Cow slaughter and Indian Muslims
The recent advisory from Darul Uloom Deoband asking Indian Muslims to refrain from cow slaughter, in states where it is banned, is being viewed by the Sangh Parivar as some sort of a belated victory. The advisory was wrongly termed as a "fatwa" and the saffron press was delighted in promoting it as such. "Deoband ka Fatwa, Gai ki Qurbani sey Tauba," screamed a headline in the Rashtriya Swayamsewak Sangh mouthpiece Panchjanya. The article tried to project the act of cow slaughter as some sort of a sin, which the Muslims have been committing until now.
The fact is that Muslims have been voluntarily abstaining for many years from cow slaughter, in keeping with the law in the states where it has been banned, and in respecting the sensibilities of the Hindu population. The appeal from Deoband was just a formality issued on the eve of Eid ul Adha when the animals are sacrificed.
Vishwa Hindu Parishad General Secretary Dr Pravin Togadia welcomed the step of the Muslim community saying that 'such a bold step has not been taken during the last one thousand years.' Well, it looks like the doctor needs a refresher in Indian history.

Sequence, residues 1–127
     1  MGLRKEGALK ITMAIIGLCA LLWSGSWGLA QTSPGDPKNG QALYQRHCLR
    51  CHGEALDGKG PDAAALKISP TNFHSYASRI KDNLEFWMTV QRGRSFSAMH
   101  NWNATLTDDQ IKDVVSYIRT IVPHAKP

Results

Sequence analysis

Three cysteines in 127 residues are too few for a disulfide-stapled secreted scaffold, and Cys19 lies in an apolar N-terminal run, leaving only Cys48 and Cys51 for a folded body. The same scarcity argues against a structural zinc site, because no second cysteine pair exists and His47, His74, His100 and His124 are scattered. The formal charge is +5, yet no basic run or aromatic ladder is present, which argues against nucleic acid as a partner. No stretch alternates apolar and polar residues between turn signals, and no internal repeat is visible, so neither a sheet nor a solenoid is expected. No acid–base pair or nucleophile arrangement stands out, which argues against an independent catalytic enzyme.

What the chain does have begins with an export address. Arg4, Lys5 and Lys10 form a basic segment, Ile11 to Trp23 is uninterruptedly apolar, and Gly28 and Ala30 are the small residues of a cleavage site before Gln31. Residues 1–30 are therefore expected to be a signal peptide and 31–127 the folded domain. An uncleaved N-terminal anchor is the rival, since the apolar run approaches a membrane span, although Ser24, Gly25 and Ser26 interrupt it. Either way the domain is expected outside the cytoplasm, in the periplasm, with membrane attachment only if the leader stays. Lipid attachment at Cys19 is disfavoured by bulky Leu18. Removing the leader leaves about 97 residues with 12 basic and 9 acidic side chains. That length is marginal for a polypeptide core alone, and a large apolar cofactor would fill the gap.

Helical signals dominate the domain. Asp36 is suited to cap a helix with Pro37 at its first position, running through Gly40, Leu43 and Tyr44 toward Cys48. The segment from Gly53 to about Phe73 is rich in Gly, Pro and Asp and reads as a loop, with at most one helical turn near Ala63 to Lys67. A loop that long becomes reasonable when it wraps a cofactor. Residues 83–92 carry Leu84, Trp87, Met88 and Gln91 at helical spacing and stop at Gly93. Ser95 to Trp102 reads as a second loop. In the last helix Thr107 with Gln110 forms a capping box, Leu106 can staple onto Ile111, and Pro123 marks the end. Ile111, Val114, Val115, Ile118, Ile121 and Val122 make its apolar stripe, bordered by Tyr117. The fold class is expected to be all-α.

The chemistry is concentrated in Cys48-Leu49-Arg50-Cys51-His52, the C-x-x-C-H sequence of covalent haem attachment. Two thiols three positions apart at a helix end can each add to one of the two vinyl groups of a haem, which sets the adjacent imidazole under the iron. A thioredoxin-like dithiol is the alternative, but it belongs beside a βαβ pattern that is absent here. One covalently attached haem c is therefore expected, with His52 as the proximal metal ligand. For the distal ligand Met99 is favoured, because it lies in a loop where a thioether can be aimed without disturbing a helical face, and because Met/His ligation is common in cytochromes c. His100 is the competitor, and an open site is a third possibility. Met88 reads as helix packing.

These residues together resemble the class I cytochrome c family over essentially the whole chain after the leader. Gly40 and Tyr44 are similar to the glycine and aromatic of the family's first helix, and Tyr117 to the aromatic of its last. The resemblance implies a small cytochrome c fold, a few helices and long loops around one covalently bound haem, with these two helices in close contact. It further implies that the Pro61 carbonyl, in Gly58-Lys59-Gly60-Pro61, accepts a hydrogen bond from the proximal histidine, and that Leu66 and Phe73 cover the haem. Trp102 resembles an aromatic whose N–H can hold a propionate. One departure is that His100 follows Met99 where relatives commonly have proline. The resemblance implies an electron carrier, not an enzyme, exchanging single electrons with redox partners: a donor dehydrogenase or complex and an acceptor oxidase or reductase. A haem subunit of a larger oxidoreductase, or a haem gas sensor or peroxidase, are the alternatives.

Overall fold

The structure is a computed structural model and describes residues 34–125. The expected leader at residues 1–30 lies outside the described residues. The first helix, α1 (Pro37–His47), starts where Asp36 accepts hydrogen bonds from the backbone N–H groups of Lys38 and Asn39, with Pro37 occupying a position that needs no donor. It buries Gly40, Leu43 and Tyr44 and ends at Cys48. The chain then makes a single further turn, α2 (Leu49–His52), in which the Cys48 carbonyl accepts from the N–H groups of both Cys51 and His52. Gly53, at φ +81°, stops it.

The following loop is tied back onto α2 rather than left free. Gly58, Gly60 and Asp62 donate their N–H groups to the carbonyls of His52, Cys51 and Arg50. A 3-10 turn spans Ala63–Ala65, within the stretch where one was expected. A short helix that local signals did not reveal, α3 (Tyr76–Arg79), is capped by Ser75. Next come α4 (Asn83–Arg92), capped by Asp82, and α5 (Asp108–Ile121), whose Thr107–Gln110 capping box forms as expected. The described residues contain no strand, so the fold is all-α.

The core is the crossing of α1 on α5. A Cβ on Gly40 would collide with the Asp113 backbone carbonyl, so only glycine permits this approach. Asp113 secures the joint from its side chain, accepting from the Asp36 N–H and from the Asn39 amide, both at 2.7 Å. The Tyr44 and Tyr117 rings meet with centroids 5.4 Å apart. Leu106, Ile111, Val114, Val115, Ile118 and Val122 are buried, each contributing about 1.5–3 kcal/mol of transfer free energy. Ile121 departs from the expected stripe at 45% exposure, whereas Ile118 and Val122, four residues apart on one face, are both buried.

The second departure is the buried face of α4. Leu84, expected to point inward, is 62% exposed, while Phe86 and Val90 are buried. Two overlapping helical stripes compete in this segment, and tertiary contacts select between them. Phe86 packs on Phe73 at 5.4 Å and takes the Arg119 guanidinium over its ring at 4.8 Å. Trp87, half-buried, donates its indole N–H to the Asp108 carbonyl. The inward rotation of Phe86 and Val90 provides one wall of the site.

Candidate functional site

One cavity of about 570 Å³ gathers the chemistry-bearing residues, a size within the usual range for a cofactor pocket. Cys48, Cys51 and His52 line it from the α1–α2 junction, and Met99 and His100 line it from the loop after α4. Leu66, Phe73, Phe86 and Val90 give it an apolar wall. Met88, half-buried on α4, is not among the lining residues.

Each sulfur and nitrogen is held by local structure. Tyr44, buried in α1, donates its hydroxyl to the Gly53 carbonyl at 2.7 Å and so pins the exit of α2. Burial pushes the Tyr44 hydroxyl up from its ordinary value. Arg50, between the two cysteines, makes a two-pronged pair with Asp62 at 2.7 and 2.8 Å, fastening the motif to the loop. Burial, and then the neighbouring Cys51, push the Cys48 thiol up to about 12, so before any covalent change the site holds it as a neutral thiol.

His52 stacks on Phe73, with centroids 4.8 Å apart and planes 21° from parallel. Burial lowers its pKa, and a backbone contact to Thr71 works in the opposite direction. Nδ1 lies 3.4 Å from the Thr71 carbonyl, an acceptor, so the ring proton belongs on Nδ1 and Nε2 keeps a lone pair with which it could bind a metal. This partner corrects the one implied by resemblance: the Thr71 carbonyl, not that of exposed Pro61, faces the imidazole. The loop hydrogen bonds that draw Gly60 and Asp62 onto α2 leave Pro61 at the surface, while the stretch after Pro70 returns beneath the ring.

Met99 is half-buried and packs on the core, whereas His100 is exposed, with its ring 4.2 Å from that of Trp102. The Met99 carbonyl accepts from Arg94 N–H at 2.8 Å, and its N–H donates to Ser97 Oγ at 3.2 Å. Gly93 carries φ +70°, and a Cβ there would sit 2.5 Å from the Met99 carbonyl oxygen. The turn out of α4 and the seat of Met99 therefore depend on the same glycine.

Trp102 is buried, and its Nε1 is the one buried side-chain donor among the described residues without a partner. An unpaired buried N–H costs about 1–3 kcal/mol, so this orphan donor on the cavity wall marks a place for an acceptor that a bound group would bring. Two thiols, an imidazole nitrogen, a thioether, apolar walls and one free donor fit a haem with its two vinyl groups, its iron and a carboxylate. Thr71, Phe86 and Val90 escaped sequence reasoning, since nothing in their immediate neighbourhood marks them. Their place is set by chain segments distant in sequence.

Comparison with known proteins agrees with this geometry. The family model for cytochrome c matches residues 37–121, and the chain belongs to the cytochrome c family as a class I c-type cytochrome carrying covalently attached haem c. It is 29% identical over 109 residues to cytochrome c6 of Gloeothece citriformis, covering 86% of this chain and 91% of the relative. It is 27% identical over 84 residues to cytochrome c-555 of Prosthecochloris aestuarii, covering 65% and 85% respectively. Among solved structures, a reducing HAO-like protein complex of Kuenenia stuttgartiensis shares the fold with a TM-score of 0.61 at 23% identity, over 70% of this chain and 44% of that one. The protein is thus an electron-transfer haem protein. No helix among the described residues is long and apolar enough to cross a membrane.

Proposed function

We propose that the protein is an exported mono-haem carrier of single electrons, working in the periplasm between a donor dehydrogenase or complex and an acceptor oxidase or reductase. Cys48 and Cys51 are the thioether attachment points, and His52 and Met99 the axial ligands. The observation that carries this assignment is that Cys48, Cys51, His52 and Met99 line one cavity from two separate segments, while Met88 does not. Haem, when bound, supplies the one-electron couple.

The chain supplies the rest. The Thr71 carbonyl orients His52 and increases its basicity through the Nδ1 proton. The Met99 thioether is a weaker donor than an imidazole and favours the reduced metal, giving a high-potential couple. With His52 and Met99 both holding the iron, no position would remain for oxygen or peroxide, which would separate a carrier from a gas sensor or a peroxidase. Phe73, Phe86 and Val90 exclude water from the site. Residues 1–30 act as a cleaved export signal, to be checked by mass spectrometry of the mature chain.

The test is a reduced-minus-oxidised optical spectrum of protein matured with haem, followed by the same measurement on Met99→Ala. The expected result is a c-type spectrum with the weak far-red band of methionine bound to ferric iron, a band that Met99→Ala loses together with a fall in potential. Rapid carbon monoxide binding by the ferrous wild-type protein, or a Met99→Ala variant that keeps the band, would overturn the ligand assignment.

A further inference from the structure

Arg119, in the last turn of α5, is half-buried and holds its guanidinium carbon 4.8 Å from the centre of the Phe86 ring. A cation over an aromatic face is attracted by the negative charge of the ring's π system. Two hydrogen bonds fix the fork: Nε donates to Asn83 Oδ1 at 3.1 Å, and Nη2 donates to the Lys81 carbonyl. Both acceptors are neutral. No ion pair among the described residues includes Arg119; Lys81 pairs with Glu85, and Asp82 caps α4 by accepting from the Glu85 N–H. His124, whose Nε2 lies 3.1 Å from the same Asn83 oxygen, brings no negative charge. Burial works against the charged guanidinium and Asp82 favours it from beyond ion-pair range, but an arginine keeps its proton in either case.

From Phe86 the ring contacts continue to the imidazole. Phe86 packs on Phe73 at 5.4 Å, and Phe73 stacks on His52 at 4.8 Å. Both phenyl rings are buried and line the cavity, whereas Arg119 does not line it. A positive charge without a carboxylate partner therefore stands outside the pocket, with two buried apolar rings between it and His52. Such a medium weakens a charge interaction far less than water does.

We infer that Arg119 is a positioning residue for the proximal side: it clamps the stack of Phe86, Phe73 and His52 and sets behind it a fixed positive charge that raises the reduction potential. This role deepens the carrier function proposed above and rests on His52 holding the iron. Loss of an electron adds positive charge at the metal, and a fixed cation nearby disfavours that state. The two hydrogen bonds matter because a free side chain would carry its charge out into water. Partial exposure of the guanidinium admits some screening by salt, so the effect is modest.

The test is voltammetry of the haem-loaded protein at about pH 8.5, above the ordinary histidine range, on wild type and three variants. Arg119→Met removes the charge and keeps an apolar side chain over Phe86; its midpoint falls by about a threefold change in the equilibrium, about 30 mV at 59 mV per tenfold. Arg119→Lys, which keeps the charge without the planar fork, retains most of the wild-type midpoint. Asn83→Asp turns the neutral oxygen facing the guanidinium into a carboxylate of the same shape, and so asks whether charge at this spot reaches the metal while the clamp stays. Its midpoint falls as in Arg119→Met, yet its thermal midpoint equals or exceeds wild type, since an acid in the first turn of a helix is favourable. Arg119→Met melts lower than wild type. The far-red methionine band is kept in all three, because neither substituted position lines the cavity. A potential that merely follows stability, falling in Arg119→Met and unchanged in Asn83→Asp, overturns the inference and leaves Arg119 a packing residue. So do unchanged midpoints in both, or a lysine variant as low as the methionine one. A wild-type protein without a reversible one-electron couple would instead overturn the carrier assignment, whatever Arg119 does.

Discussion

There have been many instances where Muslim rulers and other notable of India have asked the Muslims to refrain from cow slaughter. More recent to contemporary times we can cite the example from 1920’s of Maulana Muhammad Ali and Maulana Abdul Bari Firangi Mahli. As a friendly gesture towards the Hindus they stopped eating beef and advised the Muslim community to do the same. For the first time Eid was celebrated in many Muslim homes without beef. This created such an atmosphere of unity that the then Viceroy, Lord Reading, was compelled to write, 'the bridge over the gulf between Hindu and Muslim' has been created. The above example shows a lot can be accomplished by showing respect to each other’s sensitivities. The Muslims have made the first move in the regard. Will those who claim to represent the Hindu populace reciprocate the gesture?
M Ayub Khan, Toronto
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